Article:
review is from Classic Toy Trains, March 2001. Reprinted with
permission of Kalmbach Publishing Company.
SIX AXLES OF
Atlas O SD35
by Bob Keller
That’s the short and simple critique of the visual realism of
the SD35 offered by Atlas O.
first engine, an SW7/9, broke ground with a die-case metal shell
and exceptional detail. Atlas O’s second engine, the AEM-7, may
have been an eccentric choice, but it is a superb model that
delivers great performance. The SD35 has built upon these earlier
engines and delivers just about everything that a hi-railer could
ask for in a diesel locomotive.
In a nutshell,
the prototype SD35 is a 2,500-horsepower, six-axle road switcher
that was built from 1964 to 1966. This engine is an important link
between first-generation diesels and more modern diesel road
power. GM’s Electro-Motive Division sold 360 SD35s to U.S.
railroads between 1964 and 1966 and 65 of the SDP35 passenger
version between 1965 and 1965.
Atlas O could
have made one diesel body shell and painted it in several road
names but didn’t. Different railroads specified different
placement of bells, headlights, and other features on their SD35s,
and Atlas O has matched this. The prototype SD35s were offered in
high- and low-nose versions as well as a passenger service
version, and Atlas O has matched that, too.
measures 56 scale feet long and 15 scale feet high (14 inches long
by 3 ¾ inches high), on target with the prototype’s 56 by 15
feature numerous add-on grab irons and illuminated number boards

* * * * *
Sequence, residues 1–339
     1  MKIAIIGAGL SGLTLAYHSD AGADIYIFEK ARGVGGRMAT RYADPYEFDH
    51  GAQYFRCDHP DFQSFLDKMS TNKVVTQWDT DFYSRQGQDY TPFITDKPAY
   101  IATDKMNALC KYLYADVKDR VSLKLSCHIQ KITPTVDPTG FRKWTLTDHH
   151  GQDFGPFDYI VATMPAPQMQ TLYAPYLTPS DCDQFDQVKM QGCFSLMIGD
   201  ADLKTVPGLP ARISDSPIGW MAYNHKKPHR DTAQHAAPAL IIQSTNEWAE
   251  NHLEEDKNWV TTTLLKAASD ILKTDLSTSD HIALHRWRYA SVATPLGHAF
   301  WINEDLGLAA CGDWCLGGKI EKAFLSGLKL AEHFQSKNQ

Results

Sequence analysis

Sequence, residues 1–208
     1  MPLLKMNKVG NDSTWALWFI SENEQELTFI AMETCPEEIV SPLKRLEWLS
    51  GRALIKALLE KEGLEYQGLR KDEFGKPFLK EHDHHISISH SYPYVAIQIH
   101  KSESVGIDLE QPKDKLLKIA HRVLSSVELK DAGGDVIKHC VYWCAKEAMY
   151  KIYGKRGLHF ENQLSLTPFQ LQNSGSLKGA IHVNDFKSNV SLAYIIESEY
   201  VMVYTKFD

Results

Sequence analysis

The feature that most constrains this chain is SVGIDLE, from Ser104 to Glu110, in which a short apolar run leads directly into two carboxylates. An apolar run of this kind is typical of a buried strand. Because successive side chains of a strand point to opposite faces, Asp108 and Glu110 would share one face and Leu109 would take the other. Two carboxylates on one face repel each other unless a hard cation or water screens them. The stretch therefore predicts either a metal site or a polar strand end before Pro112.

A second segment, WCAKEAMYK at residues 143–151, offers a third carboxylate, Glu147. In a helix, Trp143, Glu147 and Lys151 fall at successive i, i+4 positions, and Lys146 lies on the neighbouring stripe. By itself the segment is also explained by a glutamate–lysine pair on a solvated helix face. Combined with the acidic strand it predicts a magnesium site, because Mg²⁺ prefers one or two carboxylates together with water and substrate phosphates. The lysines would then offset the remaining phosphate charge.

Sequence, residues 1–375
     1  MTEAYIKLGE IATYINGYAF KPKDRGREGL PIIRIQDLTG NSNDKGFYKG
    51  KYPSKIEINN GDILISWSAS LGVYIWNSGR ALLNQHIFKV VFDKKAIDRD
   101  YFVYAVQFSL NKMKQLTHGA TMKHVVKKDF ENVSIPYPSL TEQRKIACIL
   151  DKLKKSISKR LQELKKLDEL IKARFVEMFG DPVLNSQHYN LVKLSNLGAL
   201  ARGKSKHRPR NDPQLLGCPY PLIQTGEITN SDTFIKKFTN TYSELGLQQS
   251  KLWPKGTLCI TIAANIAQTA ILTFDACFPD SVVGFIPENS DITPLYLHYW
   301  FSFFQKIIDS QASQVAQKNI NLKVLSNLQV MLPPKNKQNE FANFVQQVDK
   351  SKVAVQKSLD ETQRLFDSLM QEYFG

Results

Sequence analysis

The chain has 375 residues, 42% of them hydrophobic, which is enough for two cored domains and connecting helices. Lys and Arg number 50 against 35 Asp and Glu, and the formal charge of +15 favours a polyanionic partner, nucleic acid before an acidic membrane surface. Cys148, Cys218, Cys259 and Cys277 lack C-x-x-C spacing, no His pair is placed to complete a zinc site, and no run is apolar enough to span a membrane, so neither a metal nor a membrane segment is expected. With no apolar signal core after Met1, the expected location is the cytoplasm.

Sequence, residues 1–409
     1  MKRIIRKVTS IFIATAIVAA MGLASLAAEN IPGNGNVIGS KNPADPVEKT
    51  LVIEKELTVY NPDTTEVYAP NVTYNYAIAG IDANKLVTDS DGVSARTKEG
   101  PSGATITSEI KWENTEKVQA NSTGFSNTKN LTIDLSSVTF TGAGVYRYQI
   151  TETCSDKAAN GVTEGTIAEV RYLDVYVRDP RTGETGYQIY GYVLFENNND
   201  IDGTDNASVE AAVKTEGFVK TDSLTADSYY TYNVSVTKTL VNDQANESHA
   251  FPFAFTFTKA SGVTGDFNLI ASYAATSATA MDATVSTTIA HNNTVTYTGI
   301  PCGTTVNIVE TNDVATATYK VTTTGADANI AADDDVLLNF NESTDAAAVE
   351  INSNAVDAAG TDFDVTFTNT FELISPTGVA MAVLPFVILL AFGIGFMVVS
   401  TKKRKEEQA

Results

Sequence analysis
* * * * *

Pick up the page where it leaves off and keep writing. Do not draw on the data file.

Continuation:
and marker lights on the front and back. There is a delicate
safety chain on the front and rear decks and fold-down
“bridges” on each deck. The pilots have a terrific array of
air hoses and multiple-unit connections, as well as a simulated
uncoupler bar and footboards. Where appropriate, the locomotives
come with an optional snowplow.
The side windows
have sun shades and there are wiper blades on front and back
windows. Inside the car are crew figures. You’ll want to note,
though, that since the Norfolk & Western ran its engines
long-hood first, the crew figures are sitting “backward” when
compared to the figures in the Seaboard and Jersey Central
The model has
lift rings on top (for “lifting” out heavy engine components),
and the array of ventilators on the roof was very nice. They were
all see-through with white fan blades, but although separate
pieces, the fans don’t rotate unless blown with a gust of air.
The engine has metal handrails, and the decks have traction tread.
About the only
thing missing were etched metal instead of plastic grills along
the sides of the body shell; but frankly, the grills were so well
done that you wouldn’t realize that they were solid unless you
held the locomotive up against a light.
detailing is just plain outstanding, so much so that care well
beyond the toy train norm must be taken when handling the
locomotive or you would be snapping off lift rings and air hoses
left and right.
The frame is
die-cast metal, and the die-cast metal SD35 trucks are terrific
and have features like sanding lines and brake lines. The fuel
tank also serves as a housing for the speaker.
accurately modeled the squared-off rear of the SDP35, which lacks
the “V” shape common to most EMD locomotives. The rear of the
SDP35 hood is extended to house a steam generator.
On the SDP35
Atlas O has also included simulated steam lines (to heat passenger
cars), water sight gauges, and extra safety chains on the narrower
rear deck, a detail that looks great!
locomotives painted for the Central of New Jersey, Seaboard, and
Norfolk & Western, and all of the paint jobs were flawless.
There are a builder’s plates, trust plates, and other
nomenclature items that are the icing on the cake.
On the test track
is a notable departure from earlier Atlas O engines. The Atlas O
switcher and AEM-7 both had a single can motor with shafts driving